General Motors (NYSE:GM) seems to be in trouble with its current bout of vehicle recalls. Recently, the company had to recall 1.2 million vehicles due to an airbag issue. While this certainly appears to be a big deal, it's likely just a drop in the bucket compared to the issues that are being raised about the "ignition switch conspiracy," and how the company tried to sweep this fatal issue under the rug.
In February, General Motors recalled just over 1.6 million vehicles. The reason for the recall was simple: The ignition switch has the potential to automatically turn on "accessory mode," causing the vehicle to lose power (including to the airbag), which can have lethal consequences.
To public knowledge, GM first became aware of the issue in 2004. At least 13 deaths associated with the problem have been reported since then.
For investors, it's not just a case of, "Oh, it's another recall. It'll blow over."
This is a big issue now that the U.S. Attorney General has launched a criminal investigation into how the company handled -- or failed to handle -- this issue. The Attorney General's criminal investigation joins a similar investigation by the National Highway Traffic and Safety Administration.
The stock's reaction
I write the nightly recaps on CNBC's "Fast Money" TV show for TheStreet.com, and every one of the traders on that show, night after night, has continued to say that shares of General Motors are at good levels to buy.
Based on the price action of the shares, perhaps they are right. Perhaps everyone who is calling GM a buy right now is right. Whatever the case may be, new CEO Mary Barra is doing an excellent job handling the situation. She's being honest, straightforward, and cooperative. Barra has no reason to lie and every reason not to. The last thing she needs to do is start off her tenure with a huge scandal.
There are two potential major headwinds for the company: Toyota Motors (NYSE:TM) recent $1.2 billion settlement,, and the recent lawsuit filed against General Motors for up to $10 billion in damages.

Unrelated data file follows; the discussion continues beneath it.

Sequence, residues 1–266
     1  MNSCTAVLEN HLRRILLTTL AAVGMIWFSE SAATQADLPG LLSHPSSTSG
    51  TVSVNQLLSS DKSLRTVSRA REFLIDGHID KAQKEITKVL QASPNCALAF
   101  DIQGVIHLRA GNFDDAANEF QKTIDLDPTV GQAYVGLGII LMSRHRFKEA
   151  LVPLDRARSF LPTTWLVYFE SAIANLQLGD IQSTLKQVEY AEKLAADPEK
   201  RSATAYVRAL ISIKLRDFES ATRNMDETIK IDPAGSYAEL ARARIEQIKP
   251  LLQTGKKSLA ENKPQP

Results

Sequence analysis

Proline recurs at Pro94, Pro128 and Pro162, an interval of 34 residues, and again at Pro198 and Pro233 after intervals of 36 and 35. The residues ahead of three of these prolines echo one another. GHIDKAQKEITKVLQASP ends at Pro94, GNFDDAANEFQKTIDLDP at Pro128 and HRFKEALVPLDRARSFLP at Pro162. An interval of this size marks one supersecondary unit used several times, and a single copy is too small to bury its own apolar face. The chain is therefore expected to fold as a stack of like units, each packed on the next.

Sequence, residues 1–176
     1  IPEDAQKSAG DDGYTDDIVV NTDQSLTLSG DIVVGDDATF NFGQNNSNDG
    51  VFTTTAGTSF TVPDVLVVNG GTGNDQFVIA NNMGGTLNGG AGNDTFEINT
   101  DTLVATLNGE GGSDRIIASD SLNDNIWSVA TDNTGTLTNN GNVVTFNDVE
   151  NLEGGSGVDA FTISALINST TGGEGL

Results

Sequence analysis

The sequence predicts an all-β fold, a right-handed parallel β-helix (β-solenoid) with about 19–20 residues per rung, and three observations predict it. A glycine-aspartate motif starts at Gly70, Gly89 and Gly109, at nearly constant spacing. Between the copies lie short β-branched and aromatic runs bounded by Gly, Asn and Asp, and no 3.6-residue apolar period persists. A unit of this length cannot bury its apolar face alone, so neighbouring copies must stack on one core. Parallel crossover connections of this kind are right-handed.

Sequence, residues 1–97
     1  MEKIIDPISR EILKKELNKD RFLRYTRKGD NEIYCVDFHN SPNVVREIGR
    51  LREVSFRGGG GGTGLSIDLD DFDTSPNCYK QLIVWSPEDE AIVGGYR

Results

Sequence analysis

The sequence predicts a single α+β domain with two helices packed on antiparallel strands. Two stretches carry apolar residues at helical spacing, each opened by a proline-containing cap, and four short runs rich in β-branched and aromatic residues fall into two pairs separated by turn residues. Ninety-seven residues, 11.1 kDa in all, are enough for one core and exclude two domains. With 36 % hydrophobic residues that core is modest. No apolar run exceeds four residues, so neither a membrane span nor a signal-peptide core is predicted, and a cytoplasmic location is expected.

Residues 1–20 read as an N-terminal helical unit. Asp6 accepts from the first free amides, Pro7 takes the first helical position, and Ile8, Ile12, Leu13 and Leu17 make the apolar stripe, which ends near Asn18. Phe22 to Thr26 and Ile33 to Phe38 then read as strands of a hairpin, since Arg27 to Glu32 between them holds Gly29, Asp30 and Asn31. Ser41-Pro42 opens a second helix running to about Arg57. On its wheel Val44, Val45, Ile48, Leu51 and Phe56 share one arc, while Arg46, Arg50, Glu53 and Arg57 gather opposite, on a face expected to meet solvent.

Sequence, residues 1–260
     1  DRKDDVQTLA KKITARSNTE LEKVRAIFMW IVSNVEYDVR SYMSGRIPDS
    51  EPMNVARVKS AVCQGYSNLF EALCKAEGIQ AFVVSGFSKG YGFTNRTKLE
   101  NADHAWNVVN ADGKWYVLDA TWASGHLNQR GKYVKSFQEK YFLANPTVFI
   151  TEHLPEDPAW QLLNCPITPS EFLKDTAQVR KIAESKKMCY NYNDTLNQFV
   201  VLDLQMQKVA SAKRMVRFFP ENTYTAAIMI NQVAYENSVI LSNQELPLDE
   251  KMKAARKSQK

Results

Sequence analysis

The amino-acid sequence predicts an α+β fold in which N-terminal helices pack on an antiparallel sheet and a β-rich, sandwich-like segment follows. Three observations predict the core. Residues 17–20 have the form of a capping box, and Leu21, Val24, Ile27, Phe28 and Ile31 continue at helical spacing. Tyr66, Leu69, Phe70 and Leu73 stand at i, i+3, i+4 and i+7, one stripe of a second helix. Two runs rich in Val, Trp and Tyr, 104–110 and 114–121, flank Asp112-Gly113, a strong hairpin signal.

Toyota experienced a similar issue when it recalled roughly 10 million vehicles due to unintended acceleration, a malfunction that resulted in five deaths. Like GM, Toyota also tried to cover up the problem and was subsequently investigated by the U.S. Attorney General.
On Wednesday, it was announced that Toyota would agree to pay a whopping $1.2 billion to the U.S. Justice Department. The settlement comes four years after the criminal investigation began.
The case against Toyota Motors could likely act as a template for how the Attorney General will handle the current situation with General Motors. However, my thought is that the settlement could be for more than the $1.2 billion that Toyota had to pay.
What if the fine is north of $2 billion? While that amount may seem minimal to a company that reported revenues of $155.4 billion in fiscal 2013, consider that it only pulled home $3.8 billion in net income. A $2 billion fine would reduce the company's annual profit by more than 50%.
Even in fiscal 2011, when GM reported a record profit of $7.58 billion, a $2 billion fine would cost the company more than 25% of its total annual profits. Heaven forbid that the fine is greater than $2 billion.
Concerning the potential $10 billion lawsuit, a group of lawyers from Corpus Christi, Texas, are seeking compensation for the diminished value of their clients' vehicles. The lawsuit is not in connection with the reported deaths of the ignition switch recall, but rather the value lost in the vehicles due to the issue.
Investors have to ask themselves what will happen if GM does have to pay even half of that amount?
A lawsuit settlement of $3 billion-$5 billion, coupled with another potential 10-digit settlement with the U.S. Attorney General, and suddenly the company could have two years' worth of profits completely wiped out!
The bottom line
While GM indeed has many great things going for it -- strong demand for its autos in the U.S. and China, an attractive dividend, and great new products -- there are some nasty headwinds looming over the company. Even if those headwinds take years to play out, much like Toyota's four-year investigation, it's still something investors should at least consider before buying shares.
As a long-term investor, it's fairly safe to say that the company will weather this storm. But if there are better entry points for an investor considering the stock, or even better places to put one's money to work in the meantime, then it may be worth considering those alternatives.